VILNIUS - The speaker of Lithuania's parliament, Viktoras Muntianas, dodged a political bullet on May 22 by surviving a no-confidence vote, the second such vote held since he took the position last year. During the secret vote in Parliament, only 29 lawmakers supported the call to remove him from his post, which had been initiated by the Liberal Movement faction.
Twenty parliamentarians out of the 53 who participated in the ballot voted against the speaker's dismissal, and four ballots were invalidated. The votes of more than half of Parliament's 141 legislators would have been needed to remove Muntianas.
Lawmakers from the Social Democratic Party, Liberal Center Union, Civic Democracy Party and Farmers' Union, which belong to the ruling coalition, did not participate in the vote.
Petras Austrevicius, chairman of the Liberal Movement, speaking prior to the vote said that Muntianas should step down because he is not able to organize the parliament's work.
"We spend too much time on approving our agendas, on empty debates, while the important issues remain unsolved," Austrevicius said.
"Chaos has become the business card of Parliament," he added.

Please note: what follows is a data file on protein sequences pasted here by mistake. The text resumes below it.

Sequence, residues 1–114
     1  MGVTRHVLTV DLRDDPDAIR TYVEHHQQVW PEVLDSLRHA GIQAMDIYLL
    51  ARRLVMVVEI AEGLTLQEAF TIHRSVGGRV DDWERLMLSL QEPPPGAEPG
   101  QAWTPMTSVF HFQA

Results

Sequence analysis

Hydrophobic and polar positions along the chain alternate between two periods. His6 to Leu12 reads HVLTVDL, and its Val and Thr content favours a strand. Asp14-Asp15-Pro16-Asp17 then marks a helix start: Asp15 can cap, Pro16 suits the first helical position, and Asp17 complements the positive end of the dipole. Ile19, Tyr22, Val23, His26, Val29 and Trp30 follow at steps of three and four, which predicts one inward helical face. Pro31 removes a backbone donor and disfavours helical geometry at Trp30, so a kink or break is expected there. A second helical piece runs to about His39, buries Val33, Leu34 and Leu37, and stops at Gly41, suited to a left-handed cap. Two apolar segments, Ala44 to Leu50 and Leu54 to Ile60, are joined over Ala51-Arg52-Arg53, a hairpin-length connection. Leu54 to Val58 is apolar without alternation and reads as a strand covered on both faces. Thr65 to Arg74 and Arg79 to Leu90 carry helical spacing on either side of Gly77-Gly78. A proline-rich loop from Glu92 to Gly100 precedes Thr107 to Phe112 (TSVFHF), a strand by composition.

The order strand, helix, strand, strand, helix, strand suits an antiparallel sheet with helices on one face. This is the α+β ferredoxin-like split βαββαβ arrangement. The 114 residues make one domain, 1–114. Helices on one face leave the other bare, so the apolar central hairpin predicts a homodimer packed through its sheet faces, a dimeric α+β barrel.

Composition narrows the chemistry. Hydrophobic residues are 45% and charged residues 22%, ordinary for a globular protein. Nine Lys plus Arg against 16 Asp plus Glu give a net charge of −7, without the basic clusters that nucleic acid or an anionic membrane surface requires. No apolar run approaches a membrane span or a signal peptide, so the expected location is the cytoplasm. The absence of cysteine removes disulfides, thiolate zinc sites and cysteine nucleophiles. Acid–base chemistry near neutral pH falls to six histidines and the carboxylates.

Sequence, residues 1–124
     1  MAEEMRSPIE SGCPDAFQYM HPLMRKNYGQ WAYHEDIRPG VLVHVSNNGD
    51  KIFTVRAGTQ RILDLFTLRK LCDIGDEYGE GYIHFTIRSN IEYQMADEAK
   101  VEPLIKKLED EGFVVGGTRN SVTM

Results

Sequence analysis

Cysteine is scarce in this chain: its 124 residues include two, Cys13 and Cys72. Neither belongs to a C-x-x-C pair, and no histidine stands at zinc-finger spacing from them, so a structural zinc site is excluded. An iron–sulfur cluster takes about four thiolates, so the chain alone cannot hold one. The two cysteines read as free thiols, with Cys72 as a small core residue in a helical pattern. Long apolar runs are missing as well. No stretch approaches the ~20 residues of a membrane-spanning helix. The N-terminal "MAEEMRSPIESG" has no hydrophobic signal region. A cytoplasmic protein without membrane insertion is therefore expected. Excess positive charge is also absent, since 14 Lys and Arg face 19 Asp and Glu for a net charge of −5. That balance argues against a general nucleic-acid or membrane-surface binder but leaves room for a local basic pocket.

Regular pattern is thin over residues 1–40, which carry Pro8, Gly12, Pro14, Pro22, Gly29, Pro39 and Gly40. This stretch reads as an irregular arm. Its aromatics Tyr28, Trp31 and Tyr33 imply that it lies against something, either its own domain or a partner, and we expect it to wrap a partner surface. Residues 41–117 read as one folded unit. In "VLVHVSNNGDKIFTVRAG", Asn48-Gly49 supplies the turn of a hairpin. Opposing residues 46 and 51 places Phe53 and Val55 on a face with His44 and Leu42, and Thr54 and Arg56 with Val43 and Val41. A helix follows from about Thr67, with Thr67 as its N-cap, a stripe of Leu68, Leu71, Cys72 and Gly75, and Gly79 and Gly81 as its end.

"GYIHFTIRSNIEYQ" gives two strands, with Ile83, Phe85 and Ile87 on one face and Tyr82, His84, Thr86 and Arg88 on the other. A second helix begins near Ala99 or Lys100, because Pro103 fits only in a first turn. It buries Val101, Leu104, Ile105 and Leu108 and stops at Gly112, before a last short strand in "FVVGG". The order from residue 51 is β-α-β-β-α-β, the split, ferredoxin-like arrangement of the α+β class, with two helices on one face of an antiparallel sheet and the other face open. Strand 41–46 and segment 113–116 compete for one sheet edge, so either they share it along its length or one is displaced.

Austrevicius also criticized the speaker for what he deemed poor work by Parliament's chancellery, including the recent decision to launch a Chinese language version of the parliament's website.
"Why is the Chinese language so important? Why not Latvian, Estonian or Polish?" Austrevicius asked.
Muntianas rejected the accusations stressing that the current parliament is the first one in which the ruling coalition has no clear majority, which makes some decisions more complicated.
He also said that reforms in the parliament's chancellery had been started and that the new structure of the parliament has already been approved.
"Yes, the majority of society does not trust Parliament, but this is not my fault, as people do not trust political parties and some individual politicians. So, we should all work together if we want to change the situation," Muntianas said.
Speaking after the vote he expressed the hope that it would be the last such test for him.
"I would not like to see a third no-confidence vote, since a Lithuanian proverb says that the third time does not lie," Muntianas said.
The first no-confidence vote against Muntianas was launched last September by the Liberal Democrat Party. That move to dismiss the parliamentary speaker was supported by 39 lawmakers.